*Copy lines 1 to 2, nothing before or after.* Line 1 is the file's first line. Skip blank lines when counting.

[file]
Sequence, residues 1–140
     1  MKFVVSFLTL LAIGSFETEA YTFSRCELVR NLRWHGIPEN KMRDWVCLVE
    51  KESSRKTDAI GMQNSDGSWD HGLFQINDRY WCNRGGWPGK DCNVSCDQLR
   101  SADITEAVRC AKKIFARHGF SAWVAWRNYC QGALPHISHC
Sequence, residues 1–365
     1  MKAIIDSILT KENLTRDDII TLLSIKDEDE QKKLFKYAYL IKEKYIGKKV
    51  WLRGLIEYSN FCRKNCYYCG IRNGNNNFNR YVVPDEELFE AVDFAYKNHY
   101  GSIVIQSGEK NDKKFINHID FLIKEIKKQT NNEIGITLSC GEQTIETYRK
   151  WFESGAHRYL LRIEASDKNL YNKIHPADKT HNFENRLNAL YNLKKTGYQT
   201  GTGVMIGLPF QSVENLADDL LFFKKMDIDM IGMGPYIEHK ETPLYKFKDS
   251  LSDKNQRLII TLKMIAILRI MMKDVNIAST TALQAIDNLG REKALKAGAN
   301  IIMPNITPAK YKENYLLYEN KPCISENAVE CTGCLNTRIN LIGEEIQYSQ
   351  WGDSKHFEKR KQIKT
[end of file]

Sequence, residues 1–140
     1  MKFVVSFLTL LAIGSFETEA YTFSRCELVR NLRWHGIPEN KMRDWVCLVE